After several months of separate programs, Jeremy Clarkson, Richard Hammond, and James May will once again grace the small screen with a Grand Tour special. While the last adventure took place in a Scandinavian winter, this new episode focuses on a trek through Eastern Europe. Officially called Eurocrash, the special will come out on June 16, and it will feature the trio in three very weird cars.
Let’s start off with the most familiar one, the Chevrolet SSR. This retro-styled vehicle was a convertible pickup truck with a carpet-lined bed, which sounds excessively odd until you realize this was meant to separate boomers from their 401(k)s. Riding on the Chevrolet Trailblazer platform, the SSR first appeared with a 5.3-liter V8 that offered leisurely acceleration for something posturing as a hot rod. Zero-to-60 passed in a middling 7.7 seconds, despite a respectable 290 horsepower under the hood. Perhaps the 4L60E four-speed automatic gearbox was a dog, but the more likely culprit is the sheer weight of the SSR.
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For 2005, the SSR got a much better powertrain, a 390-horsepower six-liter LS2 V8 hitched to an available Tremec T-56 six-speed manual gearbox. This combination brought acceleration times down immensely, with zero-to-60 flashing by in 5.5 seconds. Sadly, this newfound performance failed to buoy sales to GM’s satisfaction, and the whole thing was called off after the 2006 model year. Today, the SSR is collectable among the white hair and lawn chair demographic, but the wider motoring world has yet to warm up to it.
If you thought the SSR was wild, get a load of the Mitsuoka Le-Seyde, a coachbuilt neoclassic based on the S13 Nissan Silvia. You know, everyone’s favorite drift car. As such, expect a CA18DE 1.8-liter four-cylinder engine under that very long hood, paired with a four-speed automatic gearbox. Not the most exciting combination known to humankind, but the Le-Seyde was very much a luxury cruiser. Ideal for a grand tour, if you will. Only 500 original-run Le-Seydes were reportedly produced, making this neoclassic beast a bit of a rarity. Then again, rarity doesn’t always assure that something’s valuable. Mind you, the Le-Seyde would make a hilarious base for a drift car, as a turbocharged CA18DET engine and five-speed manual gearbox shouldn’t be hard to fit. Add in the S13’s famously good chassis and a wheelbase stretch to slow rotation, and you end up with a tantalizing proposition.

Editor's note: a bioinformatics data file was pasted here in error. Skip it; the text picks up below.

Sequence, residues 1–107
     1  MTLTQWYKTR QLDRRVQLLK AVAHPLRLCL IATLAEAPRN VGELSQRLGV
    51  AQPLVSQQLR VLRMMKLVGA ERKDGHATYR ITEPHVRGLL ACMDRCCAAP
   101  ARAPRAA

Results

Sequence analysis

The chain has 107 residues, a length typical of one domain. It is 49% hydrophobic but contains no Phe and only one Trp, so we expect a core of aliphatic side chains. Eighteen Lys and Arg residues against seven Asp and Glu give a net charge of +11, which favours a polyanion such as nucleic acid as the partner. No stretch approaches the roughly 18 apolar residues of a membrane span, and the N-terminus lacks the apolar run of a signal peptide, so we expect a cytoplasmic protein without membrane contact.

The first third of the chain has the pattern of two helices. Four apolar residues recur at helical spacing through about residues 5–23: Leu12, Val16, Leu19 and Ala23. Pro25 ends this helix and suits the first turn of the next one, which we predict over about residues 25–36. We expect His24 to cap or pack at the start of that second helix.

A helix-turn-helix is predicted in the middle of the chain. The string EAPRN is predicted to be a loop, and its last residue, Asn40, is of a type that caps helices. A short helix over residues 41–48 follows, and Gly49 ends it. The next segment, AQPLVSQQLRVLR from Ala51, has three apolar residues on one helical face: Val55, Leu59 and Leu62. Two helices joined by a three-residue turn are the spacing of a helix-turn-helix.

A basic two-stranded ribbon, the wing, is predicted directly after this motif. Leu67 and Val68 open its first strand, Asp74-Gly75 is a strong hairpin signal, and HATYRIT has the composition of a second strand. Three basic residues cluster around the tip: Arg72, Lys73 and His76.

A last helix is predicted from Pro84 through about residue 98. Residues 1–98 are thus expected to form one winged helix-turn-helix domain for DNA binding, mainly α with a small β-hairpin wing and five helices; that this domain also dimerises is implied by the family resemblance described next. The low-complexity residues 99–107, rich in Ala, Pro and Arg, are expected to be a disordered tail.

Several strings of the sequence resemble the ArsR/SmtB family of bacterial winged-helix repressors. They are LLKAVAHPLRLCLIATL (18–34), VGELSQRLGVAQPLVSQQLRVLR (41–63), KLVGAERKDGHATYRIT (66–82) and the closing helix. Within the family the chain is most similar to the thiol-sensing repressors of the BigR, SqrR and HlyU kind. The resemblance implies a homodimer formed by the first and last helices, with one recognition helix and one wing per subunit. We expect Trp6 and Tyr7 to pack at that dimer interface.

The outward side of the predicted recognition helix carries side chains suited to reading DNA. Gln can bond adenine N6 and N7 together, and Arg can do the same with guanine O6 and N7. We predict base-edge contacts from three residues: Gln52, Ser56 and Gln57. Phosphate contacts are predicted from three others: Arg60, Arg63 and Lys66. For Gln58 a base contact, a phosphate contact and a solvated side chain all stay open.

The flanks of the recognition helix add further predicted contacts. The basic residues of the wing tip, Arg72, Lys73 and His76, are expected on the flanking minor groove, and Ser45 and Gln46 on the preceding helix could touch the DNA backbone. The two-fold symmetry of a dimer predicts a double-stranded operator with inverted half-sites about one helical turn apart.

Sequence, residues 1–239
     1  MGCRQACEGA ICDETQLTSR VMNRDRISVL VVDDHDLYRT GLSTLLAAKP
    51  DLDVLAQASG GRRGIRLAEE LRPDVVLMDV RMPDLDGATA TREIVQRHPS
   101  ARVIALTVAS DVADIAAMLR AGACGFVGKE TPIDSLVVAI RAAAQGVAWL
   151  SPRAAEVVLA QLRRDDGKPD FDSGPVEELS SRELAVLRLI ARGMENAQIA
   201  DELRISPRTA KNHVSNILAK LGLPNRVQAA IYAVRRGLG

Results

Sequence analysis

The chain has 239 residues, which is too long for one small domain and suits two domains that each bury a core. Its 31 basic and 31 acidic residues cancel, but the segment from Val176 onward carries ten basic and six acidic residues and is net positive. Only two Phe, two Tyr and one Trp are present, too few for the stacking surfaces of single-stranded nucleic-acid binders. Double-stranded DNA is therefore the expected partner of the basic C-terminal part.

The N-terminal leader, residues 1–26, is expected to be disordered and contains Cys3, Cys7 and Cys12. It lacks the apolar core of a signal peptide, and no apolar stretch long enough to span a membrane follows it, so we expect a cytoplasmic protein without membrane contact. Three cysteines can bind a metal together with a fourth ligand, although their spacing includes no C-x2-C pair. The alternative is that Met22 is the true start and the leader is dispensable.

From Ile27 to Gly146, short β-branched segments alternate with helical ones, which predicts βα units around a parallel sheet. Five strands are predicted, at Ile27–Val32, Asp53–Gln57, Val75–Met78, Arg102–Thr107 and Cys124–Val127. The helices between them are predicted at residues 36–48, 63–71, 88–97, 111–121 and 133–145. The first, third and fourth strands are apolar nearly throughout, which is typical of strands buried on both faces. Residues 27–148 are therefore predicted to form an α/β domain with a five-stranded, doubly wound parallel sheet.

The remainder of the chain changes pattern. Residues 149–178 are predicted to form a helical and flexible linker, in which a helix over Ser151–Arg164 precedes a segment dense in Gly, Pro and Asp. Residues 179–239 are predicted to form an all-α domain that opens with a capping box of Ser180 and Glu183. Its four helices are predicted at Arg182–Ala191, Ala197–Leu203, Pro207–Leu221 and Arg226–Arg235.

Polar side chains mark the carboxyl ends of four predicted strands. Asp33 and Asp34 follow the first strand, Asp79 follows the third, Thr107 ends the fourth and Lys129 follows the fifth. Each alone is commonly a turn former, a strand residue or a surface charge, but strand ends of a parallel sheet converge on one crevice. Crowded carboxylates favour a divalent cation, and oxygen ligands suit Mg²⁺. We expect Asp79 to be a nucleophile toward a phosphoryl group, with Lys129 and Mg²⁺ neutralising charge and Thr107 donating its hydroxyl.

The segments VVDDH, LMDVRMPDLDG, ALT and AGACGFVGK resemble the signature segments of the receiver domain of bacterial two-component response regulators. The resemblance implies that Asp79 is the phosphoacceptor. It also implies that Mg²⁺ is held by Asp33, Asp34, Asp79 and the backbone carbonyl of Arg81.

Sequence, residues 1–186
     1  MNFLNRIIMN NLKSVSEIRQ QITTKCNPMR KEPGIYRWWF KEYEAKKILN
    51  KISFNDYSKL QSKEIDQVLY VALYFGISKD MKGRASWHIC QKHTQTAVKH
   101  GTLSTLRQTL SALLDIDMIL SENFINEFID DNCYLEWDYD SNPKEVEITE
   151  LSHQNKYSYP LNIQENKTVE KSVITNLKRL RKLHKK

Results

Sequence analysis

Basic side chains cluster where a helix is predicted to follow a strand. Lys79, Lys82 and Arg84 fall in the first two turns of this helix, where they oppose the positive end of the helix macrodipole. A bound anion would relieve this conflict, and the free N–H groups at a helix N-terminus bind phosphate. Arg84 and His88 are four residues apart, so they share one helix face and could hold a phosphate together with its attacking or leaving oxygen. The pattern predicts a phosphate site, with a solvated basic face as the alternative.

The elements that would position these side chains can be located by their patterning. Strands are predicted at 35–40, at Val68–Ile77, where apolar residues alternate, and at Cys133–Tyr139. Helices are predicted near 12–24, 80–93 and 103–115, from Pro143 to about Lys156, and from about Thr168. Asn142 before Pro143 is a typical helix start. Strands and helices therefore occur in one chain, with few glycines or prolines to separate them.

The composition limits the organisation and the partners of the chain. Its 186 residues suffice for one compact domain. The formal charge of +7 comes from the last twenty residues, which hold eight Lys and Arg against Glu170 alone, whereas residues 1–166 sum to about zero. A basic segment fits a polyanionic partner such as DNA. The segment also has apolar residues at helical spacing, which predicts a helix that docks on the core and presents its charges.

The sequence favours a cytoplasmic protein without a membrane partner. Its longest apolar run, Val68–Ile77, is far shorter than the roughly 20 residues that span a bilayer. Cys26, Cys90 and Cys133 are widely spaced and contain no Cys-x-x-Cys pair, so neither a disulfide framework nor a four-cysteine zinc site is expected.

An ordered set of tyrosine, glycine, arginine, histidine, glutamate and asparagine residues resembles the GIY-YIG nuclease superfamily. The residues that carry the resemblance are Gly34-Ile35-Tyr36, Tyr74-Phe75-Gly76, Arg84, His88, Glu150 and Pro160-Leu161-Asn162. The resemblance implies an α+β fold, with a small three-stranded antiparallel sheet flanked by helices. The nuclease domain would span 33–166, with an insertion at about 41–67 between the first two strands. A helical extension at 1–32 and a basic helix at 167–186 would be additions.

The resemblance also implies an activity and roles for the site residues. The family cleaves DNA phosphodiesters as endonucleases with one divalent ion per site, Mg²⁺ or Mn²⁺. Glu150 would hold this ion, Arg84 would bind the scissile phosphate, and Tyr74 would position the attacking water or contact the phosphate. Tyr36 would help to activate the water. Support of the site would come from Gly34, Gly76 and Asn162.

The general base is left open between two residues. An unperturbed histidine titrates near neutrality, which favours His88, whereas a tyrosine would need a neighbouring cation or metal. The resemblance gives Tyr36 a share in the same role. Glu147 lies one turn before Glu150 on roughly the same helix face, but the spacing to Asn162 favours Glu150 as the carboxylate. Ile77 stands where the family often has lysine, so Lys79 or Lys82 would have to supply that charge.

Finally, we get to the weirdest car here, the Crosley CC Four convertible, which was actually built in Indiana. Weighing less than 1,500 pounds and sporting a daring 26.5 horsepower, the CC Four was certainly ahead of its time. While it was in production, Americans hadn’t yet warmed to the Beetle, let alone subcompact cars as a genre. Unsurprisingly, this is James May’s pick. I’m not even sure where the production team found this thing, but I appreciate the theoretical chance of a Crosley getting some time in the limelight. Plus, the Crosley Hotshot sports car found some success in competition back in the day, so the CC Four isn’t an entirely implausible pick. Its CoBra engine goes down in history as one of the automotive kingdom’s weirdest as it was made out of sheetmetal. It also featured a single overhead cam and weighed just 133 pounds with all accessories attached. In this context, the fact that it made 26.5 horsepower is seriously impressive.
While this assortment of weirdness likely won’t do much for the sort of viewer primarily interested in supercars, I can’t say I’ve seen Clarkson, Hammond, and May do a Grand Tour special in a more interesting set of vehicles. Needless to say, I’ll be tuning in on June 16 to see how this adventure goes. While I felt that A Scandi Flick was a mixed bag, Carnage A Trois featuring French cars was a hoot and a half, so I’m curious how this one will land.
(Photo credits: Amazon Prime Video UK, Chevrolet, Collecting Cars)
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Good news! This is already a thing that’s been done and there are plenty of videos on Youtube featuring at least one.
While I’ll happily take another season of Oh Cook or Our Man In, I’m pretty much done with the other two. The old shows were great, but James is really the only one I don’t feel bad about myself for watching.
I will watch this and what ever comes after before JC’s mouth ended contracts are up. I will enjoy James May as I really enjoy his work and he seems to be a decent guy but there is probably something terrible he said or did that I have since forgotten. It is hard to keep up on all the cancelations.